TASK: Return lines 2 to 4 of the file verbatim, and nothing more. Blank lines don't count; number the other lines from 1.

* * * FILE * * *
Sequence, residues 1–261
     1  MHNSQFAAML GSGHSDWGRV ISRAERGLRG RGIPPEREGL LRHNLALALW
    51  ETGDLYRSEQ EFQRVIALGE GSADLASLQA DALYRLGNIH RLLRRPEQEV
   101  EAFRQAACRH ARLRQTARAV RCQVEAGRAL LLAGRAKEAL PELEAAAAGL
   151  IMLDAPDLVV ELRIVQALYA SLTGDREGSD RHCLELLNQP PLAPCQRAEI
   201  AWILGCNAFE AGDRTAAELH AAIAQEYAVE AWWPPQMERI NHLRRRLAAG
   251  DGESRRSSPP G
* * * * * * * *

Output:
     1  MHNSQFAAML GSGHSDWGRV ISRAERGLRG RGIPPEREGL LRHNLALALW
    51  ETGDLYRSEQ EFQRVIALGE GSADLASLQA DALYRLGNIH RLLRRPEQEV
   101  EAFRQAACRH ARLRQTARAV RCQVEAGRAL LLAGRAKEAL PELEAAAAGL